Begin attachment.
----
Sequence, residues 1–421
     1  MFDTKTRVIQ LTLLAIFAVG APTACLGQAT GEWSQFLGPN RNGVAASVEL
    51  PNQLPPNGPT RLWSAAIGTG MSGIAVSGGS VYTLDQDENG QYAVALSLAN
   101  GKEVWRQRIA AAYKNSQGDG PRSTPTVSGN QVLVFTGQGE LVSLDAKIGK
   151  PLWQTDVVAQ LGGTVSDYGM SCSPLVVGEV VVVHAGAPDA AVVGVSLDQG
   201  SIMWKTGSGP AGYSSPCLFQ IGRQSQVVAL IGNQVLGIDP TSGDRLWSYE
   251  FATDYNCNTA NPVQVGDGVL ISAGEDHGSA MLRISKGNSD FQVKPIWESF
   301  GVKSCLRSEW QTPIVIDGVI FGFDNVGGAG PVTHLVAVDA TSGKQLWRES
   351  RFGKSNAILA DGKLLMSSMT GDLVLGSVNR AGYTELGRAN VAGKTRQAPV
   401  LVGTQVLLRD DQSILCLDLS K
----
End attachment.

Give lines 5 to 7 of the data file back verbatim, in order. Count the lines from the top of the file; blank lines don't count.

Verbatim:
   151  PLWQTDVVAQ LGGTVSDYGM SCSPLVVGEV VVVHAGAPDA AVVGVSLDQG
   201  SIMWKTGSGP AGYSSPCLFQ IGRQSQVVAL IGNQVLGIDP TSGDRLWSYE
   251  FATDYNCNTA NPVQVGDGVL ISAGEDHGSA MLRISKGNSD FQVKPIWESF